Is there a song in the country canon more misunderstood than “Are You Sure Hank Done It This Way?” Popularly read as bemoaning the distance between modern country music and its antecedents — as, to use one critic’s phrase, a “kick in the spangled pants of the prevailing ‘countrypolitan’ sounds” — the 1975 hit was nothing of the sort. “Hank” was an indictment, all right, but not of the departure from the “fiddles and guitars [and] rhinestone suits.” Instead, Waylon Jennings aimed his fire at Music Row’s hidebound way of doing things: “It’s been the same way for years/We need a change.”
The change Jennings wanted was, at bottom, simply creative control — and not to pursue a return to country tradition a la Hank, but rather to wander in whatever directions he pleased, trusting that they would be of interest to enough listeners to make him commercially viable. Sure, he wanted to record with his road band, but Jennings hardly stopped there, bringing in strings on Are You Ready For The Country for “MacArthur Park”, horns for the title track, session guitar ace Fred Carter for much of I’ve Always Been Crazy, and more. And while he covered Merle Haggard and Johnny Cash and offered up a surprisingly tender version of “Precious Memories”, he turned in scorching takes on songs from Neil Young and the Marshall Tucker Band to go along with plenty of his own songs.
Indeed, what comes through clearly on these reissues (from 1976 and 1978 respectively) is the wide-ranging, eclectic nature of Jennings’ work — a far cry from the mono-dimensional label he addressed with semi-joking ambivalence in “Don’t You Think This Outlaw Bit’s Done Got Out Of Hand”. His rich baritone vocal register gets a thorough workout on both albums, but those who haven’t heard “I’ve Always Been Crazy” for a while will be surprised by the high range of the singing, while the sly rhythmic flip-flops of the bass on “As The ‘Billy World Turns” offer a useful reminder that Jennings had a sense of humor extending beyond the wryness in the “Outlaw Bit” lyric.
Still, Jennings was no musical chameleon. Regardless of the material, his sound remained intact, from swirling electric guitar to plonky bass, no matter who was playing it. Even when steel guitarist Ralph Mooney recaps his kickoff to Haggard’s “Tonight The Bottle Let Me Down” — he had played on the original record — the loose rhythms behind make it immediately apparent that it’s the Waylors, not the Strangers, who are on hand. Taken as a whole, it was aggressively distinctive, underlining again Jennings’ distance not only from his contemporaries but from his predecessors — and, it should be added, from his successors. Waylon’s influence may have been considerable, but it has to be found elsewhere than in the sonic and musical elements of these records.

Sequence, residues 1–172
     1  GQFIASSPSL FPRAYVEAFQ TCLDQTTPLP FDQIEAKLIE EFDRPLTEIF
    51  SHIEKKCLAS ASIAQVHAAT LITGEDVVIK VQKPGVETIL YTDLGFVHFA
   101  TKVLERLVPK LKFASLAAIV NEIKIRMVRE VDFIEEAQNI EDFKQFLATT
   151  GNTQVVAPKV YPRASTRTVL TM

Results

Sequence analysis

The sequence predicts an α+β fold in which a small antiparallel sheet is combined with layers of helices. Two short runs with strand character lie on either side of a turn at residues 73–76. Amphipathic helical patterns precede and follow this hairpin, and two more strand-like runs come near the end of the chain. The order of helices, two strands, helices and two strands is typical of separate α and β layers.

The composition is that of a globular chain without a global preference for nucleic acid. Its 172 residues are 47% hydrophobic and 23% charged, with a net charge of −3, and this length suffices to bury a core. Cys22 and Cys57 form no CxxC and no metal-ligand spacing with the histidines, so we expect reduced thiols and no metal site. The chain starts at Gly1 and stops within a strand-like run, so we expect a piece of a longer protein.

Ultimately, Jennings’ most lasting effect on country music might best be described as attitudinal. More than anyone else, he exemplified the tightly interwoven strengths and weaknesses of the “outlaw” — stubborn independence and a freewheeling lifestyle, to be sure, but also a kind of self-referential, self-congratulatory romanticism that, in the hands of less gifted artists, quickly degenerated into safe, predictable posturing.
By the time he made I’ve Always Been Crazy, Jennings himself was beginning to look for ways to move beyond what he and his pals (and publicists) had wrought. That makes these albums transitional, but it also gives them a depth that others before and after wouldn’t always have.